The decision to establish a national seismograph network of standardized seismographs in Canada was partially an outgrowth of seismic monitoring done during the 1957-1958 International Geophysical Year (IGY). It was also strongly influenced by Canada’s desire to contribute to the International Monitoring System of the Comprehensive Nuclear Test-Ban Treaty.
Three component (north-south, east-west, and up-down) short-period and long-period instruments were established at what were called standard stations to record the broad range of periods of earthquake-generated seismic waves. Additional short-period vertical stations called regional stations were added in areas of more frequent earthquake activity.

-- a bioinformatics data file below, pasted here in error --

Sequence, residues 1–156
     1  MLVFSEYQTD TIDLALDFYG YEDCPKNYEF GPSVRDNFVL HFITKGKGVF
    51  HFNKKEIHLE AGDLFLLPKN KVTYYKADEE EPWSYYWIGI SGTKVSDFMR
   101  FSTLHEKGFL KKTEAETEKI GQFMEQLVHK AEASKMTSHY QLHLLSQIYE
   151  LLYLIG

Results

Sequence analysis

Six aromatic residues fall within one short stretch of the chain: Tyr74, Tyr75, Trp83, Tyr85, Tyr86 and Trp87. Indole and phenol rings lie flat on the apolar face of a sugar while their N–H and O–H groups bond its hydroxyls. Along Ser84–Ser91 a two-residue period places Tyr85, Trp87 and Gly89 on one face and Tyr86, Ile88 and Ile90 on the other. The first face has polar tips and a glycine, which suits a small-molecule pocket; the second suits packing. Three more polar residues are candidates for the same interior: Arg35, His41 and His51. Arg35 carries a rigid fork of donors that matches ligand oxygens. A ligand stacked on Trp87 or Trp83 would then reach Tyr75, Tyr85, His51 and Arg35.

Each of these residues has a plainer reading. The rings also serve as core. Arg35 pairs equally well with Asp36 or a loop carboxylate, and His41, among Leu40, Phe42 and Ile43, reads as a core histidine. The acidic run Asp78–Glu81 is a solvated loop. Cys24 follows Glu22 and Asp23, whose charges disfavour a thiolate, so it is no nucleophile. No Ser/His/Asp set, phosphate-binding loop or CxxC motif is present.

The short-period seismometers were a new lightweight instrument called a Willmore Mark II, and the long-period instruments were a version of ones originally developed at Columbia University. These instruments were vastly superior to the previous instruments deployed in Canada.
The standard station deployed in the new national network was based on the instrumentation used at Resolute, NWT during the 1957-1958 IGY. The network was more or less completed as envisaged with the installation of regional stations in 1971. The Geological Survey of Canada is responsible for managing the network as part of its seismology program.
Category: Equipment and Instrumentation
Willmore, P.L., 1960. The new seismograph station at Resolute Northwest Territories; Publications of the Dominion Observatory, v. 24, p. 99–111.
Horner, R.B., Milne, W.G., and McMechan, G.A., 1976. Canadian Earthquakes – 1971; Energy, Mines and Resources Canada, Seismological Series of the Earth Physics Branch, 74; 45 p.